In countries around the world, people with Down syndrome are becoming increasingly endangered due to the pressure put upon parents to abort after a prenatal diagnosis. But there is also increasing pushback, especially from the Down syndrome community. Self-advocates and family members alike are speaking up about the inherent worth that people with Down syndrome possess.
Australian mom Joelle Kelly gave birth to her daughter, Josee, after receiving a prenatal diagnosis of Down syndrome. But along the way, she was repeatedly pressured to have an abortion, which she outlined in a Facebook post.
“We were told AT our 12 week screen that we needed to proceed with further testing quickly in order to make decisions about our pregnancy,” she began. “The seed was planted THERE. We were given NO hope that she would survive at 13 weeks, told she was in heart failure and full of fluid, and they said it would be best to end the pregnancy.”
At 14 weeks, Josee’s diagnosis of Down syndrome was confirmed, so their doctors told them an abortion could be arranged in less than two days, and not to travel. But when Kelly still refused, the doctors continued to pressure her:
At 14.5 weeks the doctor said ‘I don’t know why the receptionist even gave you a blue book’ (the medical book every pregnant woman received to track their pregnancy). We were again told there was no hope and that it would be best to end her life. And then we were told she wouldn’t survive anyway if we didn’t choose abortion, and informed of how to make sure we collected all parts of our baby to take in to hospital when I miscarried.
At 15 weeks we were checked on again by the hospital via phone about what we were doing, and were told that what we were doing by not choosing abortion was keeping her until ‘foetal demise’ occurred. Basically she wouldn’t develop and would pass naturally.
At 19 weeks when she looked like her heart was ok and the fluid had resolved, we imagined we wouldn’t receive any more coercion about abortion from medical professionals.
We were wrong.
At every weekly appointment from 19 weeks to 23 weeks we were asked if we were sure we wanted to proceed with her pregnancy.
We were even told that ‘these things happen’ in second marriages and asked if Lewis and I were a second marriage.
Not once were we given information about Down syndrome, not once.
Despite their being resources available from our state Down syndrome organisation that could have helped us, we weren’t even told about organisations, let along current information.
Despite me pleading for information we were told to go home and google her diagnosis.
Kelly has since become an outspoken advocate for Down syndrome, founding the T21 Mum Australia Network, and speaking out against the notion that people with Down syndrome would be better off dead. She also has called for parents to be given access to more information and better resources, something she says is sorely lacking in Australia.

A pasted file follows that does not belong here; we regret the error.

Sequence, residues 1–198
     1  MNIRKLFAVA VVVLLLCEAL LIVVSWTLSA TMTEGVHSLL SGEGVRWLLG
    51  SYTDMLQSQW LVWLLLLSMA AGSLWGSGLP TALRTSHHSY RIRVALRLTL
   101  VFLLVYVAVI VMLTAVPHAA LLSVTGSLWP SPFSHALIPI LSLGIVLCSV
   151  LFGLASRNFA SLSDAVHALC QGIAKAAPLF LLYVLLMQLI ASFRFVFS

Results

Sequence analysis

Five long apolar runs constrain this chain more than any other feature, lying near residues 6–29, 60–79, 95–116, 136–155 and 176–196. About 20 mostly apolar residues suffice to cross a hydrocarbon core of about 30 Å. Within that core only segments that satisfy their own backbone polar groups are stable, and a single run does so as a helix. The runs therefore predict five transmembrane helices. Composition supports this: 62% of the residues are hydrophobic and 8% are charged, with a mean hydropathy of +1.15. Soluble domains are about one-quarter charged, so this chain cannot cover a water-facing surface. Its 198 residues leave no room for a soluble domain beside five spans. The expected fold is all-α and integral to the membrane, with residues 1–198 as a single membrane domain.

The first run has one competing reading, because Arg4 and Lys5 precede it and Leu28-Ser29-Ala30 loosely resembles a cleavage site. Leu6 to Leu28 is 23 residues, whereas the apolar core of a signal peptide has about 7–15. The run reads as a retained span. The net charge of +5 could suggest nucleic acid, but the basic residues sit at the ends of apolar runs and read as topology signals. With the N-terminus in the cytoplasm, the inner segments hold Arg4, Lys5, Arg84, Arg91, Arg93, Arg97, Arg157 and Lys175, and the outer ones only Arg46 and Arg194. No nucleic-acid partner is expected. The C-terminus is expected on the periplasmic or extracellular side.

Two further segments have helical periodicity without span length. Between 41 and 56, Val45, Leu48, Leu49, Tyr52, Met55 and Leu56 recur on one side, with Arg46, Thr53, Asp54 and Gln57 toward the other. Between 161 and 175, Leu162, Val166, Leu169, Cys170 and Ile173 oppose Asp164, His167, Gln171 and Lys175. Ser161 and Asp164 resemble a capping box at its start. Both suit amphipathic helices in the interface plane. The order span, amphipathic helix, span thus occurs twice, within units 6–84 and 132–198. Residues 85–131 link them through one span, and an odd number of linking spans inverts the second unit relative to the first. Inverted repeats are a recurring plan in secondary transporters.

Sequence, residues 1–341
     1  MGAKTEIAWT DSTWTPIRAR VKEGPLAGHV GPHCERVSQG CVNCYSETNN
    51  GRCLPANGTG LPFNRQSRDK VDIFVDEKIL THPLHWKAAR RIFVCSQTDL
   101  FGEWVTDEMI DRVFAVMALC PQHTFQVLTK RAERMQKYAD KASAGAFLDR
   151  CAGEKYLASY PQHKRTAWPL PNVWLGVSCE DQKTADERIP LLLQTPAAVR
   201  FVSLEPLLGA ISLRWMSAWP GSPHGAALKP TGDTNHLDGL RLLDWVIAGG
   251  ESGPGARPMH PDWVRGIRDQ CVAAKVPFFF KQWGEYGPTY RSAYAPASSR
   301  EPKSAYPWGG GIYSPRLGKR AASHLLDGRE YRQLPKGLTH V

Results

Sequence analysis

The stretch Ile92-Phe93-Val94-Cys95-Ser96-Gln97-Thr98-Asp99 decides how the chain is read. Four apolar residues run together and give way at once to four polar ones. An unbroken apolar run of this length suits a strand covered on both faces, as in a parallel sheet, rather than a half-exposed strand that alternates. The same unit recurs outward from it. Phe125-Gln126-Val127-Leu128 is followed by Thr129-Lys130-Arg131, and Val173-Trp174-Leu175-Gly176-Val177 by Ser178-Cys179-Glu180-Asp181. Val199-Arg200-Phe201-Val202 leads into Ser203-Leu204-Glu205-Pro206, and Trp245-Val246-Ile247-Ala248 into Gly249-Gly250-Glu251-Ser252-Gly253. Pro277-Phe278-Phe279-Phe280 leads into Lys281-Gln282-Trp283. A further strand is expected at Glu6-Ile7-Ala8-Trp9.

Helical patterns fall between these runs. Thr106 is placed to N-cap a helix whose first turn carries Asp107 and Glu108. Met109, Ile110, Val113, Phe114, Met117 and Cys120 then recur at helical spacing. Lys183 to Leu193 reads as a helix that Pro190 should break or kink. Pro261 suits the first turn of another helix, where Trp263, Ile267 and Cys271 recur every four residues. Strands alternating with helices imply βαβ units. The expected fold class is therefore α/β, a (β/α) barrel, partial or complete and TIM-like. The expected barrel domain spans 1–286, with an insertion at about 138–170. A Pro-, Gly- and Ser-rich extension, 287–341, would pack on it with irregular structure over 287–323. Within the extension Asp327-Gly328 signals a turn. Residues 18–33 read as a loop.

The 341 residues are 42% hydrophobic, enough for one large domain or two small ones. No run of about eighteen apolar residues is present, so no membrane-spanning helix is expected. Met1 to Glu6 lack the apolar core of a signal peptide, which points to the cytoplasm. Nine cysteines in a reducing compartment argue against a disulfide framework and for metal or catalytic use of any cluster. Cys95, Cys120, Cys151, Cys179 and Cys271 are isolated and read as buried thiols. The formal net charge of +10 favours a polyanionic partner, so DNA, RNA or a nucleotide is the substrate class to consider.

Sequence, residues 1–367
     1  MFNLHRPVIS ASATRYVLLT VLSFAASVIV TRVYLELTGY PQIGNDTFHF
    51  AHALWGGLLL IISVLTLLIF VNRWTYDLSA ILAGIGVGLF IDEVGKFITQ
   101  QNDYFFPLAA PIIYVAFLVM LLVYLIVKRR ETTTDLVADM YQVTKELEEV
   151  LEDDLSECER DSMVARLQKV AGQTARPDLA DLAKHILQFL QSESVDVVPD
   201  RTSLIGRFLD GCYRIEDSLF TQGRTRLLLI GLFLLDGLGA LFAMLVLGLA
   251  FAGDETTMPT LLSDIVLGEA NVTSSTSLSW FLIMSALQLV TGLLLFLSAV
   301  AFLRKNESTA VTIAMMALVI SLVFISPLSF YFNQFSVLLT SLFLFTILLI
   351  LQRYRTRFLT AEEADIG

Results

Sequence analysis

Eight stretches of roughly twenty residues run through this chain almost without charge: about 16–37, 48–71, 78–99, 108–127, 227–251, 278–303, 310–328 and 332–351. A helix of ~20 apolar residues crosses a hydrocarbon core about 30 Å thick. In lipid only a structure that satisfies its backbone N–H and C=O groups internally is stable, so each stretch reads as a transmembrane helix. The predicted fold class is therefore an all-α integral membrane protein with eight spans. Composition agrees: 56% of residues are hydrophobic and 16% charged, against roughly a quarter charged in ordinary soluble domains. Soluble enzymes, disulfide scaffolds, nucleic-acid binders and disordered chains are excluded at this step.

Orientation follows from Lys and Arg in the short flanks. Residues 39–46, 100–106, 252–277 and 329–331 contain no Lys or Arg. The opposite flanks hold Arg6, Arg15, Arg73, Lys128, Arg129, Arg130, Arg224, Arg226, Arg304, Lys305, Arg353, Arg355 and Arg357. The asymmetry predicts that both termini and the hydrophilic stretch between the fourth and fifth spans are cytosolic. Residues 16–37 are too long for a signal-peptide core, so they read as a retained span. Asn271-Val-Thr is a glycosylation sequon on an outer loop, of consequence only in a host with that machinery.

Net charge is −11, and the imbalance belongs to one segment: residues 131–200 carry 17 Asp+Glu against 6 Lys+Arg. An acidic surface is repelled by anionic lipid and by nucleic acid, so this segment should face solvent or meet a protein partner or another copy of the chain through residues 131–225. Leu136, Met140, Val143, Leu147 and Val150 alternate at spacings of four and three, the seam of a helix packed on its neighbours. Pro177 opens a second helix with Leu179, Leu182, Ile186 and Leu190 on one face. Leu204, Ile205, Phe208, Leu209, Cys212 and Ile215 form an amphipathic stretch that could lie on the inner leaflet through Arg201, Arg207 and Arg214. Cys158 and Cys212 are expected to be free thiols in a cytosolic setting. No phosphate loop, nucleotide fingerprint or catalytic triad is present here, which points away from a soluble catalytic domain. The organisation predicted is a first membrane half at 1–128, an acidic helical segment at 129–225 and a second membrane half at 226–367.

“Women aren’t given objective information across Australia and they are also not given consistent information,” she said in an interview. “Because I speak to pregnant women every week, I get to really see what these women face and the inconsistencies within the information and support and services that they receive from medical professionals. This is the one thing that really needs to be addressed. Particularly if they are going to be rolling this [prenatal screenings] out to Medicare, who is actually going to be responsible for counseling these women and supporting these women in an objective way?”
She also recently slammed an Australian news anchor for his ableist comments towards people with Down syndrome, giving disdain towards mothers who “knowingly” bring children with Down syndrome into the world.
“Joe… guess what?.. I am one of those mums who ‘knowingly’ brought her child into the world with a diagnosis of Down syndrome,” she wrote. “One that you spoke distastefully of in your segment. I endured over 10 weeks of endless questioning and pressure to abort her once her diagnosis of Down syndrome was known… even though I said no from the time we found out. People ask why I work tirelessly in my spare time to advocate for my own daughter. It’s not because I WANT to… heck I would rather be out just living life… but I HAVE to … because I am TERRIFIED of people like YOU Joe!!!!”
“You cause me heartache because you don’t think things through and just spout off about something you know anything about, to the detriment of my own child,” she continued. “I wouldn’t change my child for the world, but man I would change the world for my child.”